The island history Ellis Island is widely known as the historic location of the immigrant screening station that serviced countless travelers looking to begin a new life in America, arriving sometimes with only a pocketful of hopes and dreams. But the island itself had a rich history before it became the entry-way to the New World.
In the early 1600s the Mohegan Indians called the 2-3 acre tract of land Gull Island. At high tide it all but disappeared. In 1628 Dutch settlers discovered rich oyster beds around the island in Upper New York Bay and named it Oyster Island.
The hanging of Anderson the Pirate in 1765 brought about another name change. Anderson, its told, was captured on the island, put to death then hung on a gibbet, a structure that held the bodies of the executed for public display. For the next 20 years it was called Gibbet Island until Samuel Ellis purchased the land.
The State of New York bought it next and in 1808 it was sold to the federal government for $10,000. It served as an Army facility, Fort Gibson, until 1876 when the Navy took it over utilizing it as a munitions depot. New Jersey residents, however, complained about the huge amounts of volatile powder stored there and the depot closed in 1890.
Meanwhile Castle Garden, a small Manhattan immigrant screening station, was becoming obsolete. Ellis Island was chosen as the new station site and over the next two years, by means of landfill, it grew to 14 acres, large enough to house the station and its support buildings.
In 1892 a two-story pine building with stately towers opened for operation. The Registry Room, with its 56-foot vaulted ceiling, contained 12 aisles which channeled new arrivals to examination areas. While regal in appearance, the structure had significant problems. Resting on wood piles, the foundation was insecure, the materials were of poor quality and the roof was a source of concern. Even the doors were falling off. In 1897, a kitchen fire spread, destroying most of the station.
Ellis Island shut down for several years. The island was expanded to 17 acres with the eventual addition of two new adjacent islands, constructed with debris from the Grand Central Station excavation site. In 1900, the new station opened. Designed like a train station, it allowed travelers to pass through quickly. Between 1900 and 1914, Ellis Islands peak years, between 5,000 and 10,000 immigrants passed through the station each day. By 1910, 13.5 million immigrants were living in the United States.
While about 20 percent of the newcomers faced disqualification or detention, the other 80 percent scattered to New York and New Jersey, seeking transportation to their final destinations around the country.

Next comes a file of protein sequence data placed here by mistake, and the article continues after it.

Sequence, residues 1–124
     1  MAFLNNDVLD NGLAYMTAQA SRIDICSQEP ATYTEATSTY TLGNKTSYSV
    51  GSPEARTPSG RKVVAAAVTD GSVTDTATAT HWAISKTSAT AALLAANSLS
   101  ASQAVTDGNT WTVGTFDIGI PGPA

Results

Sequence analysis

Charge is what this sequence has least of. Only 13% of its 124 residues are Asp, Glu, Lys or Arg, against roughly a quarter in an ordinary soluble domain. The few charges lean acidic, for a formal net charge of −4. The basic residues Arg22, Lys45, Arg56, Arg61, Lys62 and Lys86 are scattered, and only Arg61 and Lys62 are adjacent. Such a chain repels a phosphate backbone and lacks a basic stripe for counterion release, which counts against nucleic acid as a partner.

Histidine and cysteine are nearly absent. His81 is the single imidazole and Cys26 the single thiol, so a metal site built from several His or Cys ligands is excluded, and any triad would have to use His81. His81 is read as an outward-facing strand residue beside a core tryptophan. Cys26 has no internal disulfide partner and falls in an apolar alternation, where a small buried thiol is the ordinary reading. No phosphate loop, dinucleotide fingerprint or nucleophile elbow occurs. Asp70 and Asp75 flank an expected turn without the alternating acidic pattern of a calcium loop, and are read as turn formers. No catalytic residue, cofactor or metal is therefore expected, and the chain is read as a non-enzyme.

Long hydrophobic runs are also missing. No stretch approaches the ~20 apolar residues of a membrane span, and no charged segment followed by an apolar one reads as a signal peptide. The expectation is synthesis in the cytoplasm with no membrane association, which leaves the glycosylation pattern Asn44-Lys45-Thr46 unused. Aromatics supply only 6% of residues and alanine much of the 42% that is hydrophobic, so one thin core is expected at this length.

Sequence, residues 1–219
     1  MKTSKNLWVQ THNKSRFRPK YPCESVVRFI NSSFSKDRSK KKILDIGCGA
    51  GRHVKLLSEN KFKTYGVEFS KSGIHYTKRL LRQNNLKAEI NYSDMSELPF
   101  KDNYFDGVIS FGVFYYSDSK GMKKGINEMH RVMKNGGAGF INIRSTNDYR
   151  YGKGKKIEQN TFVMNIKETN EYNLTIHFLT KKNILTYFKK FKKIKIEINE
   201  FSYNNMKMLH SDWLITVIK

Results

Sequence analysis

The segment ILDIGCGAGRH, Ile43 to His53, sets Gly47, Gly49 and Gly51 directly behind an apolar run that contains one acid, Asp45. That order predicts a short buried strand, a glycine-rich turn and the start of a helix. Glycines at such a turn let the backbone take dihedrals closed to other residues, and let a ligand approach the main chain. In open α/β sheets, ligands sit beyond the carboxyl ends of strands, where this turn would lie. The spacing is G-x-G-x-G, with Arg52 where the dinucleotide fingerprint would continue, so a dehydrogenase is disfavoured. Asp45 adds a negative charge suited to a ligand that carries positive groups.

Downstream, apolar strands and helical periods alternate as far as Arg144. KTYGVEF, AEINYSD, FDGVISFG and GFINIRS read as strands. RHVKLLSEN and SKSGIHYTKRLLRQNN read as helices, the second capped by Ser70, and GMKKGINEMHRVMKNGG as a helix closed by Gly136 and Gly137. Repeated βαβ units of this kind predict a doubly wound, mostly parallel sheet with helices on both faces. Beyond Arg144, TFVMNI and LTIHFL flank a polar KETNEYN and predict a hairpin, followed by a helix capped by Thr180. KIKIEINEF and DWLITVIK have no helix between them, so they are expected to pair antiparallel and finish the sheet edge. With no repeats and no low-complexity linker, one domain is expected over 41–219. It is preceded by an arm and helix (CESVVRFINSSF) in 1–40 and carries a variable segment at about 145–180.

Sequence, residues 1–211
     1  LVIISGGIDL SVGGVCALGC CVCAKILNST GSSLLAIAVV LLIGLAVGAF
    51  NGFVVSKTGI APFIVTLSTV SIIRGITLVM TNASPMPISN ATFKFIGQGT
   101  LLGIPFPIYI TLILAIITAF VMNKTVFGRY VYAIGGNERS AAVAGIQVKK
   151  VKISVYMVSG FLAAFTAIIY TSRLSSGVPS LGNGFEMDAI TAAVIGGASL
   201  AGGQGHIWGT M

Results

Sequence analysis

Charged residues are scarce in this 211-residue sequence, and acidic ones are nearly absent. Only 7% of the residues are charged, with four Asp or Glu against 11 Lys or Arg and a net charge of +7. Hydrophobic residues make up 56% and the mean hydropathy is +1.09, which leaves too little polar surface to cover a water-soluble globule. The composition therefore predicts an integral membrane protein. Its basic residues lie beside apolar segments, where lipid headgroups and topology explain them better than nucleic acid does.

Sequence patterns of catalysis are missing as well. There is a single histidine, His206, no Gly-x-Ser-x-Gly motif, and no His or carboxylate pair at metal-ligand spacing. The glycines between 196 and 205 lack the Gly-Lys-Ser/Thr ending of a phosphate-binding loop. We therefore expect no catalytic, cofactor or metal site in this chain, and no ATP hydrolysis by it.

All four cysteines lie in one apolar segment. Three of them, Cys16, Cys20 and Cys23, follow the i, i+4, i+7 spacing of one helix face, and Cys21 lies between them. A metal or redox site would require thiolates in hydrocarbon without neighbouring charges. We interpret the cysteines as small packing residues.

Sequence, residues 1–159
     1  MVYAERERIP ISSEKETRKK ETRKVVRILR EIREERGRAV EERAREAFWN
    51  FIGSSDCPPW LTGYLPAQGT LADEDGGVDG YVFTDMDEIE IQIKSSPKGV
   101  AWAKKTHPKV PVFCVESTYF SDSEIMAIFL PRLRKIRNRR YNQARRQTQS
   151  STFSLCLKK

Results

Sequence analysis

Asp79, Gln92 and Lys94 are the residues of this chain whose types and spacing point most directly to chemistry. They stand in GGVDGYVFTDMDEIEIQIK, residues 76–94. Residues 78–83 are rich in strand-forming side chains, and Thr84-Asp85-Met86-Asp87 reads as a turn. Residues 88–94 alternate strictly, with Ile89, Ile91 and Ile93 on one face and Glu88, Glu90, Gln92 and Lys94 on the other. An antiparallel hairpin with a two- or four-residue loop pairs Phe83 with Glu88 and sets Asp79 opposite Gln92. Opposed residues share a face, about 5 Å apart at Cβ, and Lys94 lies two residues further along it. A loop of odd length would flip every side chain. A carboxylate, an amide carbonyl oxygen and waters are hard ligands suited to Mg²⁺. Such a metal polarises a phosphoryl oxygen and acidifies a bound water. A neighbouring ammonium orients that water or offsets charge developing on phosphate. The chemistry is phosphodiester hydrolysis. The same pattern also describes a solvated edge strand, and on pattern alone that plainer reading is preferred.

The Congressional Emergency Quota Act of 1921 and the following Immigration Act of 1924 restricted the influx of immigrants. In 1930, during the Great Depression, more people emigrated from the United States than immigrated to it.
By 1954, due to stricter laws and a decrease in migration, the station moved back to Manhattan and Ellis Island closed. The last person to pass through the station in 1954 was Arne Peterssen, a Norwegian merchant seaman.
The People The first person to pass through the Ellis Island station was Annie Moore, a 15-year old from Ireland. Upon arrival on Jan. 1, 1892, she was warmly greeted and gifted with a $10 gold piece.
Ahead of Moore, and all subsequent immigrants, lay the workforce in the Great Hall; inspectors, interpreters, nurses, doctors and social workers. Their primary duty was to ensure that all those entering the United States were medically and legally fit to do so.
Each immigrant was checked for 60 diseases or disabilities that could bar their entry. Those under suspicion were marked with an X for further examination, a B meant a return to their homeland.
One particularly painful examination, long-remembered by immigrants, was for trachoma, a contagious eye disease. In order to determine the presence of disease, the doctors used a button hook to turn the immigrants eyelids inside out. Trachoma caused more detainments than any other disease.
Immigrants with curable illnesses were moved to the islands hospital. Whether an immigrant passed or failed their inspections, they were all directed to one of the three sections of the Staircase of Separation. Right, left or center.
At the bottom of the stairs lay their immediate destinies. A right turn led to a railroad ticket office; a left turn lead to a ferry to Manhattan; straight ahead led to the detention rooms.
One four-year-old boy, Haakon Magnussen, arrived from Arendal, Norway, with his grandparents on Aug. 16, 1920. Like many divided immigrant families, his mother remained in Norway for financial reasons.
After a long sea journey on board The Bergensfjord out of Kristiania, the little boy was found to be healthy, but there was concern as to the grandparentss ability to support the child. So the grandparents were lead to the left staircase, the little boy to the center – and to detention.
One can only imagine the grandparentss emotions. Traveling across the ocean with the little tow-head in their charge, only to have to leave him alone in a new country while they went about proving they could care for him.
Haakon had to remain on Ellis Island for a month. He didnt remember much about it except that he had to eat too many peanut butter sandwiches.
His grandparents supported him and raised him well. By the age of 10 he was going to school and working part time on a family fishing boat out of Brooklyn, N.Y. He worked for the rest of his life on New York waters – and never ate a peanut butter sandwich again.
Heres to our ancestors who passed through Ellis Island. They enriched the fabric of our nation.
Sources: genealogyspot.com, sites.bergen.org, www.ellisisland.org, www.newsmax.com, www.en.wikipedia.corg, www.history.com, www.nps.gov, www.statueofliberty.com, Oracle Think Quest, Magnussen family memorabilia